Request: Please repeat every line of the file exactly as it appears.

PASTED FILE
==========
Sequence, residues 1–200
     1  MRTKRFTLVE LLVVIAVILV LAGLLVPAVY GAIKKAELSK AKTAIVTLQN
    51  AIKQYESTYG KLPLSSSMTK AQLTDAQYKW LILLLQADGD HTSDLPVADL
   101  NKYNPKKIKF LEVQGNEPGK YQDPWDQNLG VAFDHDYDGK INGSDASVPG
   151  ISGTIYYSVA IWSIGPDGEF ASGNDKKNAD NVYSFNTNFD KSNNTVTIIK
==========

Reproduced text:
Sequence, residues 1–200
     1  MRTKRFTLVE LLVVIAVILV LAGLLVPAVY GAIKKAELSK AKTAIVTLQN
    51  AIKQYESTYG KLPLSSSMTK AQLTDAQYKW LILLLQADGD HTSDLPVADL
   101  NKYNPKKIKF LEVQGNEPGK YQDPWDQNLG VAFDHDYDGK INGSDASVPG
   151  ISGTIYYSVA IWSIGPDGEF ASGNDKKNAD NVYSFNTNFD KSNNTVTIIK